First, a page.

Nivolumab-based combinations have shown significant survival benefits across several tumor types, including melanoma and advanced renal cell carcinoma.
The combination of nivolumab (Opdivo) with cisplatin-based chemotherapy followed by nivolumab monotherapy significantly benefitted overall survival (OS) and progression-free survival (PFS) when used as a first-line treatment for patients with unresectable or metastatic urothelial carcinoma who are eligible for cisplatin-based chemotherapy, according to the results of the CheckMate -901 sub-study.
This is the first trial to demonstrate that an immunotherapy-based combination has statistically significant survival benefits compared to standard of care (SoC) chemotherapy.
“Nivolumab with cisplatin-based chemotherapy is the first immunotherapy-based combination to improve both OS and PFS in patients with previously untreated unresectable or metastatic urothelial carcinoma who are eligible for cisplatin-based chemotherapy,” said Dana Walker, MD, MSCE, vice president, global program lead, genitourinary cancers, Bristol Myers Squibb, in the press release.
The benefits are spread across a wide range of genitourinary cancers, including advanced renal cell carcinoma, and resectable muscle-invasive urothelial carcinoma, Walker explained. Urothelial carcinoma is the most common type of bladder cancer, accounting for 90% of bladder cancer cases. This type of cancer can manifest in the bladder, ureters, and renal pelvis.
Most patients are diagnosed at an early stage and treated with surgery; however, approximately half of patients will experience recurrence, and up to 25% will develop metastases. Chemotherapy is SoC for metastatic disease but has short durability and second-line treatments are limited.
The phase 3 CheckMate -901 is a randomized and open-label primary study evaluating nivolumab plus ipilimumab (Yervoy) versus chemotherapy (cisplatin- or carboplatin-based) monotherapy for patients with previously untreated, unresectable, or metastatic urothelial cancer.
OS and PFS outcomes are based on the results of a sub study within CheckMate -901, which included 608 patients with untreated unresectable or metastatic urothelial cancer. Investigators randomized patients to receive a combination of nivolumab (360 mg) and chemotherapy administered every 3 weeks or SoC chemotherapy alone.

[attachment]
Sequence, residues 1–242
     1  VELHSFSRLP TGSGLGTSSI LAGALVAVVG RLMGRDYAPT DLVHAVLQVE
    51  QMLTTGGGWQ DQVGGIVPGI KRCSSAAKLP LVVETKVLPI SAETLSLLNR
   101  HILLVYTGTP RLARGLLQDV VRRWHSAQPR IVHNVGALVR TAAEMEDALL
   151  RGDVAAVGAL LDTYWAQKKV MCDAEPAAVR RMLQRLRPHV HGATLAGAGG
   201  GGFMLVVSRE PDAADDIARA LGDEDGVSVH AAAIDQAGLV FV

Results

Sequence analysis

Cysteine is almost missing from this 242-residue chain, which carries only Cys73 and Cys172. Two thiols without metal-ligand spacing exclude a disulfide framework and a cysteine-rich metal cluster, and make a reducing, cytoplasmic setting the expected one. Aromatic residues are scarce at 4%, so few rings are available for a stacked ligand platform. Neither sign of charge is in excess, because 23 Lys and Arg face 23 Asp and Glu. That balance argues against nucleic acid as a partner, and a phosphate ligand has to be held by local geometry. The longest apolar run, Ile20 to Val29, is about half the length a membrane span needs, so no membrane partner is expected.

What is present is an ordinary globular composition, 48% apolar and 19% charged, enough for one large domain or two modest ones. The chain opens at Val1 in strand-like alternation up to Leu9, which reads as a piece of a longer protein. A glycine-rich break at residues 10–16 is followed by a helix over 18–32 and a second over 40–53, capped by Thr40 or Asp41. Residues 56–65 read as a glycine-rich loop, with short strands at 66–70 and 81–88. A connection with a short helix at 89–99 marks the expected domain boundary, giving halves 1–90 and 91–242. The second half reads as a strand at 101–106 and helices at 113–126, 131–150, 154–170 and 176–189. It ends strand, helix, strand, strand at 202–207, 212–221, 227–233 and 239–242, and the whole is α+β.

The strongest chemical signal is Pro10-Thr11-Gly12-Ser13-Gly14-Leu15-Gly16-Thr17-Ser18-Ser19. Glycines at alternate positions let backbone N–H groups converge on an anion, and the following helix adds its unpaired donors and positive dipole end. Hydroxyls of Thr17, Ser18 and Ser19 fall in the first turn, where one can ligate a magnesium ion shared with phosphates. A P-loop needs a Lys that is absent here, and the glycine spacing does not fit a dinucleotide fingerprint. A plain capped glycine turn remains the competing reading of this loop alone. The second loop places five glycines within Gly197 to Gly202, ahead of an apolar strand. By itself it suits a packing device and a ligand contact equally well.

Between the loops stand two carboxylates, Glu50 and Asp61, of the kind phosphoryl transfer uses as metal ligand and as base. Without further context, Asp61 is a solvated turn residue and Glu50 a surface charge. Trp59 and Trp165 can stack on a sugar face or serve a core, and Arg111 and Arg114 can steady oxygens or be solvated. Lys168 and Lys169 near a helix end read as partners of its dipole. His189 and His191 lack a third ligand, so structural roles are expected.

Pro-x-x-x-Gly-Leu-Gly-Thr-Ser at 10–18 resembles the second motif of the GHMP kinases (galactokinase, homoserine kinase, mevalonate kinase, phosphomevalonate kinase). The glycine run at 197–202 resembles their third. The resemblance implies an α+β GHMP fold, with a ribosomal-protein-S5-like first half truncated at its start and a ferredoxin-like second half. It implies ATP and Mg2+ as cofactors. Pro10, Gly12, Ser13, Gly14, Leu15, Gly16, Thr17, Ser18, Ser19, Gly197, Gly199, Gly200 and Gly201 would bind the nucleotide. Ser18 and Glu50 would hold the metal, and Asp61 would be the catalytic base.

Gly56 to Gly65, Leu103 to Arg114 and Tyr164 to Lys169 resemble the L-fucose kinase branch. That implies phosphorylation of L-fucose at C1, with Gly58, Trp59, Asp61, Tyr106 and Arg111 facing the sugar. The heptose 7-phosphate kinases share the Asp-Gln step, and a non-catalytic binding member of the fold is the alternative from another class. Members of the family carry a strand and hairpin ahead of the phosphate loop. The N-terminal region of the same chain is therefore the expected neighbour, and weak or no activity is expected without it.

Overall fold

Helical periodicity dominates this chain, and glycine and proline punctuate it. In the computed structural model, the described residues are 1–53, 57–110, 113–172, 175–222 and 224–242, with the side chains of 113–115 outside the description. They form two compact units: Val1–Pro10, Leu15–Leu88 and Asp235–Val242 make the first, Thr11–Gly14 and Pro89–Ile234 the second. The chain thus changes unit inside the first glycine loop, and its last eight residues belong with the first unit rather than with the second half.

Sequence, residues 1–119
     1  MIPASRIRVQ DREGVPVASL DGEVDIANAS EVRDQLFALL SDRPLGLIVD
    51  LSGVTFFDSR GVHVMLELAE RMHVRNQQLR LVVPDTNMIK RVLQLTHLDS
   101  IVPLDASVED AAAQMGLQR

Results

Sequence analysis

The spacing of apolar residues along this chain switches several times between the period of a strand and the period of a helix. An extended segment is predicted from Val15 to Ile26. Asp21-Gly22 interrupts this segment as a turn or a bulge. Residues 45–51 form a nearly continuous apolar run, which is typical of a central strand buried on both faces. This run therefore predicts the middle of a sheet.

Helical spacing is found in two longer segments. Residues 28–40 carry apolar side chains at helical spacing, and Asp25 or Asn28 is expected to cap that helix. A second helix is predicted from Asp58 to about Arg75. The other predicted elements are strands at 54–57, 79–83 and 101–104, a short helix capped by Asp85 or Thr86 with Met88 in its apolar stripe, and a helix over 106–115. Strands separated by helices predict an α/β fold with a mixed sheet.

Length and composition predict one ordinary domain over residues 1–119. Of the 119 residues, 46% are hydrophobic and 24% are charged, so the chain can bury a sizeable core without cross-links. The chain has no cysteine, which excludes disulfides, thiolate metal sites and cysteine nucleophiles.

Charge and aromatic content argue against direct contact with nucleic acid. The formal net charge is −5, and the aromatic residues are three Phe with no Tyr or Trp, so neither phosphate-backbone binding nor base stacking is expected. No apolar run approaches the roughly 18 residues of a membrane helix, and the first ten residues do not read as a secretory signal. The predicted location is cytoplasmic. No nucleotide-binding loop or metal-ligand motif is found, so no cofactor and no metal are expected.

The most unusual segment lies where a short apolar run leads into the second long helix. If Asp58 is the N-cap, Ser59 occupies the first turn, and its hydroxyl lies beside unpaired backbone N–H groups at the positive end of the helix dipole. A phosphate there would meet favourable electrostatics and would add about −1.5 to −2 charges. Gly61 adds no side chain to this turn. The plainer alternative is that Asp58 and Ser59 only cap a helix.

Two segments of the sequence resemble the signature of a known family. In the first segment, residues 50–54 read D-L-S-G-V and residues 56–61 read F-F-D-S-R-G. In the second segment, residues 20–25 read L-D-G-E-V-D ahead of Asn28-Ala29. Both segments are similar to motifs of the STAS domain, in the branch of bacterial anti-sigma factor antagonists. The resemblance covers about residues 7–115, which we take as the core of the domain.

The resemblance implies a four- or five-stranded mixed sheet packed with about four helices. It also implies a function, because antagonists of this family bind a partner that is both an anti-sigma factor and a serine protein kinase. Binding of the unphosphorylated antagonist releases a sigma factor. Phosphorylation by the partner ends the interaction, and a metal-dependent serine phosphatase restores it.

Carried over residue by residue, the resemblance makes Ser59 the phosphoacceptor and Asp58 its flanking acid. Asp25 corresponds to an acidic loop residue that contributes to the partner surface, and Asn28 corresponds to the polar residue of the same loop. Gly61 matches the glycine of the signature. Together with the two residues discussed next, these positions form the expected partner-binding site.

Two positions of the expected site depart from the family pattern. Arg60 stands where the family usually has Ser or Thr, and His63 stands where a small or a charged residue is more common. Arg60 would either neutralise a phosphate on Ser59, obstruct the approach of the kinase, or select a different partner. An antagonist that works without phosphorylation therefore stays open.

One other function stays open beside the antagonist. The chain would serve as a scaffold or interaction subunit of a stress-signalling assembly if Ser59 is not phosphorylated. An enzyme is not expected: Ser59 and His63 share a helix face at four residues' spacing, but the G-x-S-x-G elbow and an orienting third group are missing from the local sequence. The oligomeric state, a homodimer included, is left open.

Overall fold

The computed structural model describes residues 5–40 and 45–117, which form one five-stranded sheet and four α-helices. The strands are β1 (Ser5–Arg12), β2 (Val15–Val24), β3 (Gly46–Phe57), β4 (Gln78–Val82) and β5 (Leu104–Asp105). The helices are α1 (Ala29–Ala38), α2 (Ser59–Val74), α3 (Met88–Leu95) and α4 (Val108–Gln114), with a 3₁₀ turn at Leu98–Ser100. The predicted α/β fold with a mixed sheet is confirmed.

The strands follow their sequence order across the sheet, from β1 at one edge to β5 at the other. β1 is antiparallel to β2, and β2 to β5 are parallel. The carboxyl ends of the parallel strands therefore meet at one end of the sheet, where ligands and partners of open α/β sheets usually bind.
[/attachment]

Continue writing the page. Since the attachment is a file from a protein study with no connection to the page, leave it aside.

The combination shows a consistent safety profile to what was observed in previous clinical trials. The most common adverse events (AEs) associated with nivolumab were rash, fatigue, musculoskeletal pain, and pruritus, and serious grade 3 and 4 AEs in fewer than 5% of patients were abdominal pain, hyponatremia, and increased aspartate aminotransferase and lipase.
Nivolumab is the first programmed death-1 (PD-1) immune checkpoint inhibitor to be granted regulatory approval. Designed to capitalize on the patient’s own immune system to fight cancer, it has received regulatory approval in more than 65 countries.
Nivolumab and nivolumab-based combinations are also showing incredible survival benefits across tumor types, including melanoma and advanced renal cell carcinoma.
“We are encouraged by these positive results and remain steadfast in our commitment to bringing new solutions to patients with high unmet needs,” Walker said in the press release.
Briston Myers Squibb. Opdivo (nivolumab) in Combination with Cisplatin-Based Chemotherapy Shows Overall Survival and Progression-Free Survival Benefit for Cisplatin-Eligible Patients with Unresectable or Metastatic Urothelial Carcinoma in the Phase 3 CheckMate -901 Trial. News Release. July 11, 2023. Accessed on July 12, 2023. https://news.bms.com/news/corporate-financial/2023/Opdivo-nivolumab-in-Combination-with-Cisplatin-Based-Chemotherapy-Shows-Overall-Survival-and-Progression-Free-Survival-Benefit-for-Cisplatin-Eligible-Patients-with-Unresectable-or-Metastatic-Urothelial-Carcinoma-in-the-Phase-3-CheckMate--901-Trial/default.aspx